Textile designer Maddy North hand-finishing a scarf featuring Margaret Preston’s Wheelflower
The front room of the headquarters of Think Positive Prints in Alexandria is relaxed and cosy, with a rack of fashion samples and a table spread with pastries – a calm zone before the busy pattern and fabric-printing workshop in the main warehouse space beyond. This is where the Gallery Shop’s new Making modernism scarves are being printed with styles featuring popular works by Margaret Preston and Grace Cossington Smith in conjunction with the exhibition O’Keeffe, Preston, Cossington Smith: making modernism.
‘With pieces like these, it’s so important for us to get an accurate starting point,’ says production manager Francesca Walters, ‘Because we’ve got the colour-management software and the printing capability for precise colour-matching, we want it to reflect the original as closely as possible.’
Respecting the vision of artists and designers is paramount for the shop and thus the company, and the evidence of this commitment is everywhere.
Material with a bold graphic print waves in the breeze from floor fans. A clothesline is draped with delicate silks. Metres of cotton are being fed through a coating solution to help it absorb the printing ink.
The Making modernism scarf designs are loaded onto the computer – reproductions of Grace Cossington Smith’s Arums growing c1927, and Margaret Preston’s Anemones 1925, Wheelflower c1929 and Implement blue 1927 – and the fabrics onto the giant printers. The print heads move smoothly across the silk crepe de chine and modal cashmere, and the images come to life in vivid sweeps.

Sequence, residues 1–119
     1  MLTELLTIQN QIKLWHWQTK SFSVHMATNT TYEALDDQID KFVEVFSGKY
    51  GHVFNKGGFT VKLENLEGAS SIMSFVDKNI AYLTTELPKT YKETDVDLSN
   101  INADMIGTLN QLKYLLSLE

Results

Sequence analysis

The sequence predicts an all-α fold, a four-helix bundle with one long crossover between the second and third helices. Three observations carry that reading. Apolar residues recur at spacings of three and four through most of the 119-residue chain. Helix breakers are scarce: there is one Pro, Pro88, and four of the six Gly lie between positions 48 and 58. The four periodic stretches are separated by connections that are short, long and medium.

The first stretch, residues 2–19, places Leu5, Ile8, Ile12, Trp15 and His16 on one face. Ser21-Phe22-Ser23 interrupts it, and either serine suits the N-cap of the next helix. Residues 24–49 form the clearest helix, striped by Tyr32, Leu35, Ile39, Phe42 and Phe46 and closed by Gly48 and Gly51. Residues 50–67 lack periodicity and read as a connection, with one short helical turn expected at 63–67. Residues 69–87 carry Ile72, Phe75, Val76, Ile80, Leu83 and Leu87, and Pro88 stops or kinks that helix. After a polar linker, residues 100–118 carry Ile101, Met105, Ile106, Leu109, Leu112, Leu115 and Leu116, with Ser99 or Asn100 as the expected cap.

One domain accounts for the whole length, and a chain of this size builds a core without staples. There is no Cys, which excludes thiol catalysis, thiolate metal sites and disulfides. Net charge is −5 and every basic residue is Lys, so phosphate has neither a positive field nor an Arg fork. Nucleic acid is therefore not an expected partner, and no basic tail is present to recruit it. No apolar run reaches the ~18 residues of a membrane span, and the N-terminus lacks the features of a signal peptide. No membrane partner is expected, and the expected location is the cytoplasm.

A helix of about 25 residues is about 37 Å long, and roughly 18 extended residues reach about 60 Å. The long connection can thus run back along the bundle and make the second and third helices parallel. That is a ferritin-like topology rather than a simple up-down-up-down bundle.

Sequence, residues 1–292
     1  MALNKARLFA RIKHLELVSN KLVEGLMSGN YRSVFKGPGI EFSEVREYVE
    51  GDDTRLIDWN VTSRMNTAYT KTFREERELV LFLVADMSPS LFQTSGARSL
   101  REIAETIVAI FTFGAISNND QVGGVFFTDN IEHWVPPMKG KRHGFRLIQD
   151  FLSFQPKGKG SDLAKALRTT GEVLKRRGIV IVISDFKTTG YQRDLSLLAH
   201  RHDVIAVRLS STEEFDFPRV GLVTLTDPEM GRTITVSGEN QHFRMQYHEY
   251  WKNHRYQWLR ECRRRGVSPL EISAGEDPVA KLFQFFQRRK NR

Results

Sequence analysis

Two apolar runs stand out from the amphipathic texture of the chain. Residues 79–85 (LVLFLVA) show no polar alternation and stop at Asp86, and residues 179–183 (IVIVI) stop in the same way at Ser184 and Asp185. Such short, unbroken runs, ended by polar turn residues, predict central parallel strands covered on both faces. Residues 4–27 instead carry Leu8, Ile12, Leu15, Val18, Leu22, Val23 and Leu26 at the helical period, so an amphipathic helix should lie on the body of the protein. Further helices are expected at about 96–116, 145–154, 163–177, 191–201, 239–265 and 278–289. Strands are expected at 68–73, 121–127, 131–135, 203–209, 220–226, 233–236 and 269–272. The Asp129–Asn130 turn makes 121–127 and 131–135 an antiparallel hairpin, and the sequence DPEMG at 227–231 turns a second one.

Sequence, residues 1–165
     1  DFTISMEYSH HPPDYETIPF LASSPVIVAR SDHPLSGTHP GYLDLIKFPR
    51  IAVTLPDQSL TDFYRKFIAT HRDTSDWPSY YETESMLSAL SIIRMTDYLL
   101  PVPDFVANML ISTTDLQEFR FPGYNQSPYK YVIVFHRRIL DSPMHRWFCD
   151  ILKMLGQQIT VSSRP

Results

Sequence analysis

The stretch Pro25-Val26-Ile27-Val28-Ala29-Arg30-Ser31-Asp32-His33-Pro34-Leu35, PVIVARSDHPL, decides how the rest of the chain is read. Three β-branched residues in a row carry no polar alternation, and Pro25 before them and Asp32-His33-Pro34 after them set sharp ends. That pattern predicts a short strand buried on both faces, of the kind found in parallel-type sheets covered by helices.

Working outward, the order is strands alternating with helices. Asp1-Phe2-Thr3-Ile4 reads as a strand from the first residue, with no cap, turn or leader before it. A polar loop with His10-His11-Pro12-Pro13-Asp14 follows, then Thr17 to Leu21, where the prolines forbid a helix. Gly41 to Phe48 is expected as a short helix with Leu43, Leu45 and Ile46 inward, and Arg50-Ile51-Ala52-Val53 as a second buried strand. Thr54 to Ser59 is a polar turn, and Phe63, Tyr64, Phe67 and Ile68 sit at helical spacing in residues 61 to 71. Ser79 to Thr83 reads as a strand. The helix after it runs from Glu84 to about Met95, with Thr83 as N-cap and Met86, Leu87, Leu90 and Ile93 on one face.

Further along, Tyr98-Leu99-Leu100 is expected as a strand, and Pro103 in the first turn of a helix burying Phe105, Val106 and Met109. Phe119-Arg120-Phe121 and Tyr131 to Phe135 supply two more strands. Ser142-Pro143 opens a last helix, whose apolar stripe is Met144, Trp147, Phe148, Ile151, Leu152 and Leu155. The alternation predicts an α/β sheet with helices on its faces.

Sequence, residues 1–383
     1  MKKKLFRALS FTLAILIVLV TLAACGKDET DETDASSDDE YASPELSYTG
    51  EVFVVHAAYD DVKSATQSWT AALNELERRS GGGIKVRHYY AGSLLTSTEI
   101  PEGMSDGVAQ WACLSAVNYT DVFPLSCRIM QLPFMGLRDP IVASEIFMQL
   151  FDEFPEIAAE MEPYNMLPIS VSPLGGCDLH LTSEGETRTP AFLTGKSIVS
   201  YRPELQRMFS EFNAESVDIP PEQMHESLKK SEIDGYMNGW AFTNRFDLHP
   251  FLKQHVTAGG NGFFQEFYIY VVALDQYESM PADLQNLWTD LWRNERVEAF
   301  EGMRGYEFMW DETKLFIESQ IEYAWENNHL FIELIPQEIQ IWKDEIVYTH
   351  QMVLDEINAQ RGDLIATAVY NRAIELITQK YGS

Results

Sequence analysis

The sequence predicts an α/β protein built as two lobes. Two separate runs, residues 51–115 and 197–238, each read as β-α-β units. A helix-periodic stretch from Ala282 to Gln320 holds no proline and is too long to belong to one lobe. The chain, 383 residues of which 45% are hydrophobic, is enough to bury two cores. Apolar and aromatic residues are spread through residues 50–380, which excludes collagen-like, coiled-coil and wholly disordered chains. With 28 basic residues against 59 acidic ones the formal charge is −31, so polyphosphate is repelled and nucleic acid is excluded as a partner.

‘They take a lot of adjusting and checking,’ the print technician Ben Mar explains. ‘We have to always maintain the optimum temperature and moisture for printing or the ink dries out and the machines clog.’
After the printing, setting, washing and drying, there’s a large cutting table where the staff gather to hand-finish the scarves. ‘All of the fringing is done in-house,’ say textile designers Leisa Wake and Maddy North, ‘and everybody working here learns how, so we can all pitch in.’
North demonstrates: first finding the individual yarn from the fabric edge, then carefully drawing it out of the weave to leave the fine ends. The painstaking process needs to be repeated about 60 times for each scarf, but they work quickly: ‘We’ve got it down to 20 minutes per scarf.’
With this sort of attention to detail, it’s no wonder customers are buying the scarves to frame and put on their walls – just the kind of artisanship that would make our favourite modernists proud.
A version of this post originally appeared in Look, the Gallery’s members magazine.
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September 19 2017, 2pm
by Holly Bennett